In what is being heralded as the beginning of the end of the cruel annual slaughter of hundreds of dolphins and pilot whales near Taiji, Japan, aquariums in Japan bowed to pressure from the World Association of Zoos and Aquariums (WAZA).
Last month the Swiss-based international zoo and aquarium group suspended Japan’s zoo and aquarium association. WAZA characterized the Taiji hunt as “cruel,” and decided that none of its members should acquire dolphins from such methods.
In that hunt, dolphins are scared with banging, herded into a cove and speared by fishermen for their meat. The best-looking ones are sold to aquariums.
In a letter to WAZA, the Japanese group, which comprises 89 zoos and 63 aquariums, said it would abide by WAZA’s decision.
“It is our wish at JAZA to remain as a member of WAZA,” chair Kazutoshi Arai said in a letter addressed to WAZA President Lee Ehmke.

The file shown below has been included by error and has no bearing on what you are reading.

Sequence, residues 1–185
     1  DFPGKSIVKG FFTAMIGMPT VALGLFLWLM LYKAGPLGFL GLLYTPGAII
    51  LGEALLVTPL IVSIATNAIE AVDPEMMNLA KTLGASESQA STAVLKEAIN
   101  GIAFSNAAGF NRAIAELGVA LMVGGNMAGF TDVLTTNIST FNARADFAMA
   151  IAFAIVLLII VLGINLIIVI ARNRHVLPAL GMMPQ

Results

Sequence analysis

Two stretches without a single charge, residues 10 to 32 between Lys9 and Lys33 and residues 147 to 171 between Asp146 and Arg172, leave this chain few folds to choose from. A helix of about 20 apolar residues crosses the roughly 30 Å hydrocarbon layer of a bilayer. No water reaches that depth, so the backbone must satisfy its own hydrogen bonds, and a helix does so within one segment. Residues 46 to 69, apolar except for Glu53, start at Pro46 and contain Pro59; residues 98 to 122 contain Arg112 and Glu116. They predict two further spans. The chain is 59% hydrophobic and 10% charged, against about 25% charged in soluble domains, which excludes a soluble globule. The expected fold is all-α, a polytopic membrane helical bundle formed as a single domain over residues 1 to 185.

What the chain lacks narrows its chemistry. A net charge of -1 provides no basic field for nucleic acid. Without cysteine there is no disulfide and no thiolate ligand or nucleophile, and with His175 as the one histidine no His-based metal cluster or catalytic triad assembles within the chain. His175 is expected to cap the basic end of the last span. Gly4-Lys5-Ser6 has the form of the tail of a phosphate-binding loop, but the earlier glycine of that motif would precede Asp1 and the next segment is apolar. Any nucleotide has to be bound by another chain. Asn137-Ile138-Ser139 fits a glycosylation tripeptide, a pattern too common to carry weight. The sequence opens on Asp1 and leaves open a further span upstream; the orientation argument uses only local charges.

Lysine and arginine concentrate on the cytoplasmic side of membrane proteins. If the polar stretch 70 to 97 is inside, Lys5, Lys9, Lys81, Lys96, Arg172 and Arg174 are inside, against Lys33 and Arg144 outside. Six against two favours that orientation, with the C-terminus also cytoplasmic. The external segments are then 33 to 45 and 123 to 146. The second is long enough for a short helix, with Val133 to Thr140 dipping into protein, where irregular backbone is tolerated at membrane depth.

WAZA praised JAZA’s decision but stopped short of reinstating their membership, saying it wanted more details “to fully appreciate the implications of today’s decision.”
Officials in Taiji were combative following the decision by Japan’s aquariums and vowed to continue their annual drive hunts and slaughter.
Awesome Ocean covered the Alliance of Marine Mammal Parks and Aquariums (AMMPA) fight against the Taiji hunt last October. The AMMPA was setting the record straight against activists claims that dolphins captured in Taiji hunts were in aquarium facilities in the U.S. They’re not. The Marine Mammal Protection Act prevents the use of these dolphins in American facilities due to unsustainable and inhumane collection methods.
We join with others and condemn this barbaric slaughter and hope this week’s decision by Japan’s aquariums to stop collecting dolphins from the Taiji hunts.
For the full story, check out ABC News.